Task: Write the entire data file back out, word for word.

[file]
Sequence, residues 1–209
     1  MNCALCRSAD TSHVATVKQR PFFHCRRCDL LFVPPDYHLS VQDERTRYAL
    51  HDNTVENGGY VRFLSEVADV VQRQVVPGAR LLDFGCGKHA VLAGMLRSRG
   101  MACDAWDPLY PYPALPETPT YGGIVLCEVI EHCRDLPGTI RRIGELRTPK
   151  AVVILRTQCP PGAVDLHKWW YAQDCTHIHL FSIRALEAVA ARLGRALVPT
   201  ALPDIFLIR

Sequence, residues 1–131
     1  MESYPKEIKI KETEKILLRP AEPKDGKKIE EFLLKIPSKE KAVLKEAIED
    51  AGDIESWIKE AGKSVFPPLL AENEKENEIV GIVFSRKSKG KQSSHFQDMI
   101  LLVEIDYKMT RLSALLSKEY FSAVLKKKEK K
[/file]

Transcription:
Sequence, residues 1–209
     1  MNCALCRSAD TSHVATVKQR PFFHCRRCDL LFVPPDYHLS VQDERTRYAL
    51  HDNTVENGGY VRFLSEVADV VQRQVVPGAR LLDFGCGKHA VLAGMLRSRG
   101  MACDAWDPLY PYPALPETPT YGGIVLCEVI EHCRDLPGTI RRIGELRTPK
   151  AVVILRTQCP PGAVDLHKWW YAQDCTHIHL FSIRALEAVA ARLGRALVPT
   201  ALPDIFLIR

Sequence, residues 1–131
     1  MESYPKEIKI KETEKILLRP AEPKDGKKIE EFLLKIPSKE KAVLKEAIED
    51  AGDIESWIKE AGKSVFPPLL AENEKENEIV GIVFSRKSKG KQSSHFQDMI
   101  LLVEIDYKMT RLSALLSKEY FSAVLKKKEK K